IPv6 at Home

03-05-2014 | Remy van Elst


Table of Contents


ipv6-ready

For a long time most of my VPS are IPv6 enabled. Raymii.org is reachable over IPv6. I've not had IPv6 at home yet, over my residential DSL line. And as you know, providers are not that fast with rolling out IPv6 at home. A friend pointed me to SixXS, which provide IPv6 tunnels. I had looked at them in the past, only then you needed to have a static IP for the tunnel. These days you don't need that anymore. Read on to find out how my IPv6 setup works, including privacy extensions and a few annoyances with Arch Linux and Ubuntu.

The Tunnel

The tunnel is provided by SixXS. It is an AYIYA tunnel, AYIYA is a protocol for managing IP tunneling protocols in use between separated IP networks. It is most often used to provide IPv6 transit over an IPv4 network link when network address translation masquerades a private network with a single IP address that may change frequently because of DHCP provisioning by Internet service providers.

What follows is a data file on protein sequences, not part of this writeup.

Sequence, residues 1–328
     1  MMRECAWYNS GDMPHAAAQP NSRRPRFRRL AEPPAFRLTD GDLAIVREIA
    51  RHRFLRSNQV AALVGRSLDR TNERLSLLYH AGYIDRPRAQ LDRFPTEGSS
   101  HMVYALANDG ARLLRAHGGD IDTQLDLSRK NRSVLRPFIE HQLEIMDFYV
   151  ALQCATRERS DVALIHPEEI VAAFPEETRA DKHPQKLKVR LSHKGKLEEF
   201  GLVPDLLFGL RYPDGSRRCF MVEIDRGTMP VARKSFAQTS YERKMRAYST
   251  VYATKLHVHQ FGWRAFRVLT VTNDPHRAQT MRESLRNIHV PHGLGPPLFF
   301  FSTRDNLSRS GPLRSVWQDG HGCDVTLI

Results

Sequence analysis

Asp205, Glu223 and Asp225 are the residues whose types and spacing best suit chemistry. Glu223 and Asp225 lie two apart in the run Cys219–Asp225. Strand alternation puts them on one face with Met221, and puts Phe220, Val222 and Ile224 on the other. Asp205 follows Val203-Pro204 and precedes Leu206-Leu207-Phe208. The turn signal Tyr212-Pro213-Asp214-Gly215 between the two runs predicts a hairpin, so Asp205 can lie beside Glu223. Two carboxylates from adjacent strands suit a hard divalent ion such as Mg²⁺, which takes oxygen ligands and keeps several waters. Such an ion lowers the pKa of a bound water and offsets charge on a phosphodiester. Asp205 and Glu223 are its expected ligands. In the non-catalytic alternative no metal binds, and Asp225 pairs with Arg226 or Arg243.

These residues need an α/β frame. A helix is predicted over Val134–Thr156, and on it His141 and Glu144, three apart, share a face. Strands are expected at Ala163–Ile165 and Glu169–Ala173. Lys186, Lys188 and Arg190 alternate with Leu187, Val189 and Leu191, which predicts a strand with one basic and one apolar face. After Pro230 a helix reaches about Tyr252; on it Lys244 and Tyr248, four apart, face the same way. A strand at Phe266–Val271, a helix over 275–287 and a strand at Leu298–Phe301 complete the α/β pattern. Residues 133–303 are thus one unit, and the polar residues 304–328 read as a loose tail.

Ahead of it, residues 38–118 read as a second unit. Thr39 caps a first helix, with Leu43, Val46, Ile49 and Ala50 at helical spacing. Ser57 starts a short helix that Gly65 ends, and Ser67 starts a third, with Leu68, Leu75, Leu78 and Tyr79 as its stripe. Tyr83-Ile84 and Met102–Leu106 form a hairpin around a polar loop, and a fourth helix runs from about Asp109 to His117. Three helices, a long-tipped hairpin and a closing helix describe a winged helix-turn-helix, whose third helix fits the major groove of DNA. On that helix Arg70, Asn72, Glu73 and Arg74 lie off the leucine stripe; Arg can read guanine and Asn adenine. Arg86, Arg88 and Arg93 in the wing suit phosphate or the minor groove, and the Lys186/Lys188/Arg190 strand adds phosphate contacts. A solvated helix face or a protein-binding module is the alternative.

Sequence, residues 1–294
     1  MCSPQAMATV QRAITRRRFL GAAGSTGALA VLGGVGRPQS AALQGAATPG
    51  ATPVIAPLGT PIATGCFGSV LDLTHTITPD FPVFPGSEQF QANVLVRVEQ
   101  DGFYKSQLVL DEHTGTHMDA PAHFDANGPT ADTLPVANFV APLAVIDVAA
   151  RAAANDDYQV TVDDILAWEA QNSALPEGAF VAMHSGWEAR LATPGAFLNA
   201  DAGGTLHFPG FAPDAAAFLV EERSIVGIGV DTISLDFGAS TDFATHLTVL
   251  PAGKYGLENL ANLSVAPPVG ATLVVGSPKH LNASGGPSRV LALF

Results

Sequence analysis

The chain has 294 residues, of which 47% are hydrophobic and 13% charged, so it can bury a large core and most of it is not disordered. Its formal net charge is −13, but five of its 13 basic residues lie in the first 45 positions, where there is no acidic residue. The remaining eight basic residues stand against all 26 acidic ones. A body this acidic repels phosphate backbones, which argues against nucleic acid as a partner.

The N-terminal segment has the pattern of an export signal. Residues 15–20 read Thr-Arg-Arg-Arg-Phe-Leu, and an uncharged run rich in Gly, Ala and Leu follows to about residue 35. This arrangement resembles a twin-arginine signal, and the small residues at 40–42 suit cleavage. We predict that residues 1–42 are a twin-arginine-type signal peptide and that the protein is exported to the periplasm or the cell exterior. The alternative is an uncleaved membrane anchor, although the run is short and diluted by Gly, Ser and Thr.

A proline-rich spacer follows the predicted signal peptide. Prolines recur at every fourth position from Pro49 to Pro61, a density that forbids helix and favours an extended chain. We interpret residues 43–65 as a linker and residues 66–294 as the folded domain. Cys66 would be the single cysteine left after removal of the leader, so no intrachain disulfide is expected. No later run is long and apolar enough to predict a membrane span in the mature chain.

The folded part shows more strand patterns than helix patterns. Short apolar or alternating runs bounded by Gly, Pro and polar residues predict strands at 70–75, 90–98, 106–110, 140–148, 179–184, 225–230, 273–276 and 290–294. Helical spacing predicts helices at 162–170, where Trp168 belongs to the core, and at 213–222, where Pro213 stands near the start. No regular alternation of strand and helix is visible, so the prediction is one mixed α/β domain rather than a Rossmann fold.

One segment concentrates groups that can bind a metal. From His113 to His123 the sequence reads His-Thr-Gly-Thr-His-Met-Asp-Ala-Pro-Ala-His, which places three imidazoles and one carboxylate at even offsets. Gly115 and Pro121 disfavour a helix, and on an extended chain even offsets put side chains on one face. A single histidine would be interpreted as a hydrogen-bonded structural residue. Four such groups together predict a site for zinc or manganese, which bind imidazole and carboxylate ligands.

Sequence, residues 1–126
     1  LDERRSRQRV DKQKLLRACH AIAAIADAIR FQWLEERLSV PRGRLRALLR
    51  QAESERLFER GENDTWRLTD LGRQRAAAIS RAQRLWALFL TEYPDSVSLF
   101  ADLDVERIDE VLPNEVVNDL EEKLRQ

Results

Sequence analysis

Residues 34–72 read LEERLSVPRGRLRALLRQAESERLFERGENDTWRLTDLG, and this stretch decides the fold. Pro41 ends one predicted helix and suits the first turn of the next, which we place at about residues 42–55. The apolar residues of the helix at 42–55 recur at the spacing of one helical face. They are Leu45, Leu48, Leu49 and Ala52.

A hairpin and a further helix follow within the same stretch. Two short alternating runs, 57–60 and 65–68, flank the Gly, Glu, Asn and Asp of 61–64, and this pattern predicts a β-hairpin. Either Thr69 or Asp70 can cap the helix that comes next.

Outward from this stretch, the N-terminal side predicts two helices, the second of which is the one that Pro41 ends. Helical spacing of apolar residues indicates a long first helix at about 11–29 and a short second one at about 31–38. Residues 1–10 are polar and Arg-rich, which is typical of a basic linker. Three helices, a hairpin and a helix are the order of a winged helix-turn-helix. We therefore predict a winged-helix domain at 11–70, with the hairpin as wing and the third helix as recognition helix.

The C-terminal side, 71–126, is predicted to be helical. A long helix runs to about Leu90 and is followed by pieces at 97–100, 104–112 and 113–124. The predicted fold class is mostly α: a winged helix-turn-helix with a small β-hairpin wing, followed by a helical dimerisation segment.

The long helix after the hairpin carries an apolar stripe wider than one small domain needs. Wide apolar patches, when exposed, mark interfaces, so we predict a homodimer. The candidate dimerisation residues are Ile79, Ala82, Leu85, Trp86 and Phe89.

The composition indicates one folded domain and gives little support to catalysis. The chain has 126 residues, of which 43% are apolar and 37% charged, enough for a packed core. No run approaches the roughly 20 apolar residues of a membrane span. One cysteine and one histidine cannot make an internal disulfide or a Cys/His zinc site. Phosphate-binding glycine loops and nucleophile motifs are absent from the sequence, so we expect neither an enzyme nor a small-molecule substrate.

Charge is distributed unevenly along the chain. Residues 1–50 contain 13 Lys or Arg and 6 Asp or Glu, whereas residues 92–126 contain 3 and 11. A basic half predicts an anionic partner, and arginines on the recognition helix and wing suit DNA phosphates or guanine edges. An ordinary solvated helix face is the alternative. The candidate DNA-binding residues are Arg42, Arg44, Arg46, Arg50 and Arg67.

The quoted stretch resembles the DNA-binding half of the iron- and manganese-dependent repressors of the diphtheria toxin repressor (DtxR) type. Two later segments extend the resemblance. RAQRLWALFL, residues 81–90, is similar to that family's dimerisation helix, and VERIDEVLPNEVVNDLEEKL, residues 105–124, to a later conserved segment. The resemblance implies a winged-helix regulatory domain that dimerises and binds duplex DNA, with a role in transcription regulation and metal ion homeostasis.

Which basically means that you can use it to easily set up an IPv6 tunnel which works over a NATted LAN and thus you don't need a static IP anymore. As example, even at Starbucks I can set up my IPv6 tunnel without any hassle.

At SixXS you need to register and request a tunnel. You will need to provide some information, which will be validated, so make sure it is correct. Then you also need to provide a reason for your tunnel. Mine was just a simple one, I want to experiment at home with IPv6. They find that a valid reason, so in two days I had my tunnel data.

Tunnel setup